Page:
Politico: Republican operatives secretly hope justices legalize same-sex marriage

Writing for Politico, Alexander Burns says that, at least among the political operative class, Republicans hope the U.S. Supreme Court will make a broad ruling equalizing marriage rights for gay and straight Americans.

The purely political logic is fairly obvious. Most Republican politicians can’t embrace same-sex marriage without ticking off the base and maybe facing a primary challenge. But in general elections, the issue is hurting the Repubs and, as public opinion continues to shift in favor of same-sex marriage (as hardly anyone doubts), the political damage will only get worse.

For obvious reasons, most of the political operatives who told this to Burns didn’t allow him to use their names. But a few were willing to own their quotes. For example, Florida-based Republican consultant Rick Wilson said that if the Supremes settle the same-sex marriage issue once and for all:

It removes the issue from the Democratic playbook of fundraising scare tactics and political demagoguery and breaks their usual messaging dynamic of, “You’re a beleaguered minority; let us protect you from the evil GOP — oh, and here’s your absentee ballot.”

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Comments (7)

  1. Submitted by Bill Kellett on 03/28/2013 - 08:54 am.

    “Fund raising scare tactics and political demagoguery” So who else would the beleagered minority need protection from if not the evil GOP? Accusing others of behavior you are intimate with yourself is classic GOP.

  2. Submitted by Ray Schoch on 03/28/2013 - 09:49 am.


    Amen to Bill Kellett.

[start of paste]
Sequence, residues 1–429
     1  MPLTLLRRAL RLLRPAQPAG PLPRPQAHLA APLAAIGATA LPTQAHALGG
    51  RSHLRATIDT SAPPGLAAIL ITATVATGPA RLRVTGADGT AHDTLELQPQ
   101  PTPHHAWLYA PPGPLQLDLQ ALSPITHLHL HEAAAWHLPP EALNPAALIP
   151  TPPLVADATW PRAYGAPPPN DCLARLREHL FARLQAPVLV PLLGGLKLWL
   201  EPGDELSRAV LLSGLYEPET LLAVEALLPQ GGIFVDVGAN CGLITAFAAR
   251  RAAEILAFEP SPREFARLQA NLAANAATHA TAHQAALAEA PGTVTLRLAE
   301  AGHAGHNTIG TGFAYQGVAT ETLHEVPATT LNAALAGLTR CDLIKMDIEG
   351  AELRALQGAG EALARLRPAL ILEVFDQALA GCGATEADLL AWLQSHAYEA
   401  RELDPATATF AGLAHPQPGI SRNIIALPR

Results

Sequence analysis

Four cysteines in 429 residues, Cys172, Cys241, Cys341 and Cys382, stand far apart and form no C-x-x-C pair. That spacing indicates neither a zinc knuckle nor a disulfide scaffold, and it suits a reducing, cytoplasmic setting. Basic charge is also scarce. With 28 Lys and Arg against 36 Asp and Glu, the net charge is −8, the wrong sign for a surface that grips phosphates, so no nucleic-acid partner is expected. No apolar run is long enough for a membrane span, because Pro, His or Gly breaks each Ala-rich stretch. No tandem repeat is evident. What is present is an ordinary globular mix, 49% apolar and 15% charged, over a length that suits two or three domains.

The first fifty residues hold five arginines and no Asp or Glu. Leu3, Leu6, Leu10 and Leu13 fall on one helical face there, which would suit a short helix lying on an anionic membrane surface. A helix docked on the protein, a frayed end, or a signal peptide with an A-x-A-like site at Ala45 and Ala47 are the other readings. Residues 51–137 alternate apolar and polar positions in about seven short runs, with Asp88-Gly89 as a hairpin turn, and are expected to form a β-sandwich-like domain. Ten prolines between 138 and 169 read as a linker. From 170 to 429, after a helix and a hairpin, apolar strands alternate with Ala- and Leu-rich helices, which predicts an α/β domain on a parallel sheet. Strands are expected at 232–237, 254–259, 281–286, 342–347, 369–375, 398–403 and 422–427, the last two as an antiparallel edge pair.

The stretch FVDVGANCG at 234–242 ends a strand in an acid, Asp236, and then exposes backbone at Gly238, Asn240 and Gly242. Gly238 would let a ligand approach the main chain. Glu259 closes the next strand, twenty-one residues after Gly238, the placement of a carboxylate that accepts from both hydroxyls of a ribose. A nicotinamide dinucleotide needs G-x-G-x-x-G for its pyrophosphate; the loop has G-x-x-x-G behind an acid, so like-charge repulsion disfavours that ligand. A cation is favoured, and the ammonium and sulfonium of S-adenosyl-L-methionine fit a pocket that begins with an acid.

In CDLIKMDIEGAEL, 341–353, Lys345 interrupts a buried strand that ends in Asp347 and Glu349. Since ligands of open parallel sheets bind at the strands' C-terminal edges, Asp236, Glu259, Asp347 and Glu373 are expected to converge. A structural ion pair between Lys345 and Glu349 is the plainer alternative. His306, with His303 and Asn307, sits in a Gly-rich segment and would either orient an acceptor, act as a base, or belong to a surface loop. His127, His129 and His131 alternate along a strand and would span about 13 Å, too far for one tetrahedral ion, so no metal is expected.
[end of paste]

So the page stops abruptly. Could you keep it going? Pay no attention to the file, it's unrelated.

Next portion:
“…‘You’re a beleaguered minority; let us protect you from the evil GOP — oh, and here’s your absentee ballot.’” is not only classic GOP, it’s been pretty much the mantra of the right wing for at least a decade. Substitute “Democrat” for “GOP,” and insert “corporate” in place of “absentee,” and the statement works just as well for the other side.

  3. Submitted by Neal Rovick on 03/28/2013 - 09:52 am.

    I’m not so sure.The

    I’m not so sure.

    The religious conservative segment is a large portion of the ordinary, non-libertarian GOP base. This is the group that is the least like to say, “Oh well, that’s done, let’s move on” with respect to this issue. Pol’s like Rick Wilson who are not “true believers in the party of the righteous” may see it as a losing cause that is easily abandoned, but it is not that way for the religious conservatives who have been so assiduously catered to for the past half-century.

    Can they lose the case(s), and then use the Supreme Court decision as a red shirt to wave for more complaints about judicial activism? Sure they could, but then they would have to spend the next campaign cycle decrying gay marriage which is not what they need demographically.

    I have a feeling that they are in a no-win situation here.

    More fracturing ahead.

    It’s hard to be on the wrong side of demographics, attitudes and even science and remain a viable party.

  4. Submitted by Paul Brandon on 03/28/2013 - 09:55 am.


    for the GOP, the Supremes will probably rule (as they should) on the law in question, not on a broad social issue.
    In other words, they will not say anything about gay marriage in general; just whether the particular law before the Court is constitutional.
    Minimum precedent.
    IF we should as a nation define marriage, that is a task for the Congress.

  5. Submitted by Hal Davis on 03/28/2013 - 11:27 am.


    “IF we should as a nation define marriage, that is a task for the Congress.’

    Or the states, if the Supreme say the feds should butt out.

  6. Submitted by Steve Hoffman on 03/28/2013 - 03:50 pm.

    Oh get real

    BASIC HUMAN RIGHTS should never be subjected to a popular vote. If that were the norm, Mississippi would still be a slaveholding state.

    • Submitted by Paul Brandon on 03/28/2013 - 07:20 pm.

      That’s why

      the Constitution leaves it to the states, voting in congress, to make most of the laws, and the Supreme Court is the final arbiter on whether those laws are being enforced in a manner consistent with the Constitution.
      Who do YOU think should decide what are the basic rights of human beings?
      Remember, one justification of slavery was the proposition that blacks were not fully human, so that question must be decided first. Who decides?

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